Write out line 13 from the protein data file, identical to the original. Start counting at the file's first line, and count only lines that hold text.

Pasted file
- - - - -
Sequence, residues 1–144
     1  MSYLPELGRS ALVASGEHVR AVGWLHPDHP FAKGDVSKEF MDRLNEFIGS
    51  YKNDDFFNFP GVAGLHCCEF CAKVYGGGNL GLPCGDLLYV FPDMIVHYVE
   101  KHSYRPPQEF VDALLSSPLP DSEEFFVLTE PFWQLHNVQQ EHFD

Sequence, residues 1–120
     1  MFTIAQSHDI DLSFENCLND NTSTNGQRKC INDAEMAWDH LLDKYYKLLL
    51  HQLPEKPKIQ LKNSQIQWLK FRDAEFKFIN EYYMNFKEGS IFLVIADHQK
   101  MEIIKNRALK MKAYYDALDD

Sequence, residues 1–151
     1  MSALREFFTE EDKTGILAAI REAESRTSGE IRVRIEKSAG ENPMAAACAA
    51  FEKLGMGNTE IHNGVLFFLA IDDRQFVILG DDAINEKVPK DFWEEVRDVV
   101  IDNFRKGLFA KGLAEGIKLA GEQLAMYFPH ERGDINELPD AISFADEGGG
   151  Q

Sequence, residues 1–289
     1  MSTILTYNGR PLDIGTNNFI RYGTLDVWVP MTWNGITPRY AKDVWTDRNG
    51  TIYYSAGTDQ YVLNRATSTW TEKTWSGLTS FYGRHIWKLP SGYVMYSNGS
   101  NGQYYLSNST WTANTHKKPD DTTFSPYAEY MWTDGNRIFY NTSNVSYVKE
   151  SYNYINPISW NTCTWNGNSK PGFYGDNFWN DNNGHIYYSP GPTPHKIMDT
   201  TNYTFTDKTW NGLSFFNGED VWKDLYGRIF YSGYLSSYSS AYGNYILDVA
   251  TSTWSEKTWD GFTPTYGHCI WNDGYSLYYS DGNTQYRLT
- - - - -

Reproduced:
   151  Q